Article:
Turkish Tuesdays and language learning by tracking words in TV shows via Twitter

Here is where I am in my study of spoken Turkish this week, reviewing a bit of the first TV show I became addicted to in Turkish: Sihirli Annem (My Magical Mother).  The original, not the new version from 2011, mind you.  I often write down the words I need to look up, either on paper or on an account I created on Twitter to save dictionary links, in both the target language and in a language I’m already comfortable in, if I need to use it as scaffolding.

My old notations from episodes past, give an example:

Ben de mutlu oldum (moi aussi, je suis contente): #orphelins #kimsesiz

#SihirliAnnem 116. Bölüm 7:03 (P.6) “Savasa Hayir” NE GUZEL!!! “No to War” WONDERFUL!!

I also generally start every new language, for reading at least, with Harry Potter, since I know it by heart: –On page 7 of 314 of Harry Potter ve Sırlar, by J.K. Rowling: “Harry haykirmamayi basardi”

All of these and more are on an old Twitter account, which a couple of years ago, I found useful to cut and paste dictionary entries or website links, but now I see that it is not as easy as I had imagined, back then, to find the tweets on a particular word. Searching through my old tweets is really annoying, so I’m now back to writing the words by hand in my vocabulary notebook, beside the same word in my other languages, in order to give my brain the hook to connect and recall the new word. The other issue is that links often go away, so that the shows I thought I was saving the links to often can lo longer be seen via that tweet, anyway.

  More on my continuing striving with Turkish next week, friends:

Yassas,   γεια σας!    Salût !  Nos vemos!  Görüşürüz!     ! שָׁלוֹם

Action Items in support of language learning and empathy that you can take right now:

1.) Search for two different sources to translate the word “magic” into Turkish.

2.) Share them with us in the comments, here, please.

3.) Share your thoughts on how you like each of the rources you found,  perhaps as an update on your GoodReads reading,

4.) Write a blog post or tweet that uses a Turkish word, tells a good story, and makes a difference. I’m working on that through my historical fantasy #WiP, #WhoByFireIWill. Once published, donate one or more copies to your local public library, as I intend to do.

Dear Readers, any additional ideas toward learning, especially multiple #LanguageLearning as part of on-going education and empathy-building, to #EndPoverty, #EndHomelessness,  #EndMoneyBail & achieve freedom for All HumanKind? 

Support our key #PublicDomainInfrastructure  & #StopSmoking for CCOVID-19:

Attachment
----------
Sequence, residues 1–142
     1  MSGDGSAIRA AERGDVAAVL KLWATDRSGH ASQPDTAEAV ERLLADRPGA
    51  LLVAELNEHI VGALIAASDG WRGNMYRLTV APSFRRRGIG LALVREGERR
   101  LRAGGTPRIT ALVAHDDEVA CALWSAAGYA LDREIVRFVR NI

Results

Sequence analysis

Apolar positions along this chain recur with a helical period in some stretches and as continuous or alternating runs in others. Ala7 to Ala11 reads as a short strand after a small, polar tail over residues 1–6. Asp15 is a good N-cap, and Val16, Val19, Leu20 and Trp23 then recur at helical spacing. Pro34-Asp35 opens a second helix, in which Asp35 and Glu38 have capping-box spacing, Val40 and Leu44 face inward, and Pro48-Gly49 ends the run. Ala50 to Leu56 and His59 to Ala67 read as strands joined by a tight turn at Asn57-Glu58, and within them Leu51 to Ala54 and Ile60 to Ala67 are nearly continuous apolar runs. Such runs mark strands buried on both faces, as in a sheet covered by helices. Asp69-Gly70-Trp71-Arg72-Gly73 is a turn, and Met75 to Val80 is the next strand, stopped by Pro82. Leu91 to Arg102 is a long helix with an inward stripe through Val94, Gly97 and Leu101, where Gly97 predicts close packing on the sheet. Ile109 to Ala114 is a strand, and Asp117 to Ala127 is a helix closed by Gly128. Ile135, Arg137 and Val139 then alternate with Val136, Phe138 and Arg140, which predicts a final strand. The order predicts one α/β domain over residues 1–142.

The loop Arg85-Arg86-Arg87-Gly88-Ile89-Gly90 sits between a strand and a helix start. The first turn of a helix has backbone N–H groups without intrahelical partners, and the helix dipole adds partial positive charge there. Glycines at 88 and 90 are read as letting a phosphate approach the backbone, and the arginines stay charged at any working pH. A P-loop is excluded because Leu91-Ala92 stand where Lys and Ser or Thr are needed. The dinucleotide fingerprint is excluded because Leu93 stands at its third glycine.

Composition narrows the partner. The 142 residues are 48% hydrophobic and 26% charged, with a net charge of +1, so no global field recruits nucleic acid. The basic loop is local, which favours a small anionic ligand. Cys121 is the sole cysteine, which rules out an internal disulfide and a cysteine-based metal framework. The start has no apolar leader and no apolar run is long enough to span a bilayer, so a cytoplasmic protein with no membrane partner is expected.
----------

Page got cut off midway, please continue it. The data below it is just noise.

1. #PublicLibraries,
2. #ProBono legal aid and Education,
3. #UniversalHealthCare, and
4. good #publictransport


Click here to read, if you like:

Science Fiction/Fantasy Shows,  Lupin, or Money Heist(soon…)

Holistic High School Lessons,

           or Long Range Nonfiction, or Historical Fiction

Thoughtful Readers, if you are on Twitter, please consider following   #Project Do Better  on Twitter.


Shira Destinie Jones’ work is licensed under a Creative Commons Attribution-NonCommercial-ShareAlike 4.0 International License.

12 thoughts on “Turkish Tuesdays and language learning by tracking words in TV shows via Twitter

    1. Thanks! 🙂 I’ve been a bit concerned about the controversy she is now embroiled in, but that doesn’t negate the good she did with showing both Harry and Neville as kids with PTSD, and her Lumos Foundation. But any book you love would do, if it’s available in your target language, of course.
      Safe Hugs if you want them!

      Liked by 2 people

      1. I’ve always suggested the same strategy to my students when I was teaching Methods, to use with their adult learners. Unfortunately, it doesn’t work with kids very much nowadays as they hardly read anymore.
        Hugs are always welcome – we call them Air Hugs.!
        P.S. Almost forgot: my youngest granddaughter is Shira.

        Liked by 1 person

            1. You know now I’m hearing the part of the benching where back in DC at (or did I get it from up at Havurat Shalom in MA?), when we get to “Yomot haMashiach” several of us go “Mashichah!”
              Ok, Be well,
              Shira (do I get to say “the elder”, now? 🙂 hmm, maybe not…)

              Liked by 2 people

            2. There is a very old “shteteldike” joke about “Mashichah.” Whoever comes, let it be soon and sort this mess out!
              Nobody is “the elder” here. I personally am always 18 and intend to stay this way for the rest of my life.
              Love and air hugs,

              Liked by 1 person

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